The Class A Units of Trilogy LLC (“Class A Units”) possess all the voting rights under the Trilogy LLC Agreement, have nominal economic value and therefore have no rights to participate in the appreciation of the economic value of Trilogy LLC. All of the Class A Units are indirectly held by TIP Inc., through a wholly owned subsidiary, Trilogy International Partners Holdings (US) Inc. (“Trilogy Holdings”). Trilogy Holdings, the managing member of Trilogy LLC, acting through its TIP Inc. appointed directors, has full and complete authority, power and discretion to manage and control the business, affairs, and properties of Trilogy LLC, subject to applicable law and restrictions per the Trilogy LLC Agreement. As of June 30, 2018, there were 157,682,319 Class A Units outstanding.

Class B Units:
TIP Inc. indirectly holds the Class B Units of Trilogy LLC (the “Class B Units”) through Trilogy Intermediate Holdings. The Class B Units represent TIP Inc.’s indirect economic interest in Trilogy LLC under the Trilogy LLC Agreement and are required at all times to be equal to the number of outstanding Common Shares. As of June 30, 2018, there were 55,305,962 Class B Units outstanding, reflecting an increase of 1,490,331 Class B Units issued during the six months ended June 30, 2018 as a result of Class C Unit redemptions for Common Shares. The economic interests of the Class B Units in Trilogy LLC are pro rata with the Class C Units.

Class C Units:
The Class C Units are held by persons who were members of Trilogy LLC immediately prior to consummation of the Arrangement. The economic interests of the Class C Units are pro rata with the Class B Units. Following the expiration of the lock-up period set forth in the Lock-Up Agreements signed by each Class C Unit holder, the holder has the right to require Trilogy LLC to redeem any or all Class C Units held by such holder for either Common Shares or a cash amount equal to the fair market value of such Common Shares, the form of consideration to be determined by Trilogy LLC. As of June 30, 2018, all redemptions have been settled in the form of Common Shares. Class C Units have voting rights in TIP Inc. through the Special Voting Share on a basis of one vote per Class C Unit held. As of June 30, 2018, there were 28,394,101 Class C Units outstanding, reflecting a decrease of 1,270,312 Class C Units outstanding primarily due to redemptions of Class C Units during the six months ended June 30, 2018. Additionally, there were 144,098 remaining unvested restricted Class C Units as of June 30, 2018, which were originally granted to an employee on December 31, 2016. These restricted Class C Units vest over a 4-year period, with one-fourth of the award vesting on the day following each anniversary date of the award based on the employee’s continued service. There are no voting rights or right to receive distributions prior to vesting for these unvested Class C Units.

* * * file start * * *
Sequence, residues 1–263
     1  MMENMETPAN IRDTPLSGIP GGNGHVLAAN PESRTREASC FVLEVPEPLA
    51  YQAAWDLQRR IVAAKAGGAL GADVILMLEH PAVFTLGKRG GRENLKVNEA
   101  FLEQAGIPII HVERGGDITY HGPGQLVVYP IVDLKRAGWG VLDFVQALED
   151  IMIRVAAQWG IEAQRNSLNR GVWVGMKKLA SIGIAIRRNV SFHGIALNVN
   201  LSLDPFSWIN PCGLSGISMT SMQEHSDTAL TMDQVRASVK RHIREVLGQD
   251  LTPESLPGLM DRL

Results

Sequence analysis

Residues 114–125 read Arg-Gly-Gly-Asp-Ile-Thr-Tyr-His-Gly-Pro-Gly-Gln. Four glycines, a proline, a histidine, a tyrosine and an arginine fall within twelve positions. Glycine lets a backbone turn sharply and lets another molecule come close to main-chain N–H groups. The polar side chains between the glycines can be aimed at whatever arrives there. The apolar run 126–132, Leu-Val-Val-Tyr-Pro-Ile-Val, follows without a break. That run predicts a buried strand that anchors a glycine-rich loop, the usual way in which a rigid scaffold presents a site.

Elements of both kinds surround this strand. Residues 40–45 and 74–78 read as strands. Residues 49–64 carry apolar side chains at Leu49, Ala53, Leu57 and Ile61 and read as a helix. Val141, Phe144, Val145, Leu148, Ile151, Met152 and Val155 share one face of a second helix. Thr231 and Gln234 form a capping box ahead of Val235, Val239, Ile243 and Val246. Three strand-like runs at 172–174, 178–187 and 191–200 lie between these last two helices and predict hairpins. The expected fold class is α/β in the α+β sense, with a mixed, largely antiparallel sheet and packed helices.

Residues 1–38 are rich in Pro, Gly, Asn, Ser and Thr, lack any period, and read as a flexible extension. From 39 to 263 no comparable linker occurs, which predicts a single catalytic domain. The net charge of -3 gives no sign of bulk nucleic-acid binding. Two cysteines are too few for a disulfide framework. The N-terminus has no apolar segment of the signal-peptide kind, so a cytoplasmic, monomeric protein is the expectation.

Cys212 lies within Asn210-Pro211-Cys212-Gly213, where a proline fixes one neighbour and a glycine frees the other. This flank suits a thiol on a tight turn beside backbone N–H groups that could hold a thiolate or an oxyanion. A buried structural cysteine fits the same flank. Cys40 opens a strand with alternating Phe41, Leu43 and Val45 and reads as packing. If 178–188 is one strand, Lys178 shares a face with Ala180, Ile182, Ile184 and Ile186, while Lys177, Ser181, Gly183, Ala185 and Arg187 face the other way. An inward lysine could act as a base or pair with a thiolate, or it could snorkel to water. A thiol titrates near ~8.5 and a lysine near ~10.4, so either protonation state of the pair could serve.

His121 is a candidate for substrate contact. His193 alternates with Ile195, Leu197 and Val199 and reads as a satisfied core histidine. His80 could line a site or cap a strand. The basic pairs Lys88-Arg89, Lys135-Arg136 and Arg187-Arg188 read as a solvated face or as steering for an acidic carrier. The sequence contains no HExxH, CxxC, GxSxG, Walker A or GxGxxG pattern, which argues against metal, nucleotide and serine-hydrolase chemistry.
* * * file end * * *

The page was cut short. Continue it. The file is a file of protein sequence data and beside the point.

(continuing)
16


TRILOGY INTERNATIONAL PARTNERS INC.
NOTES TO THE CONDENSED CONSOLIDATED FINANCIAL STATEMENTS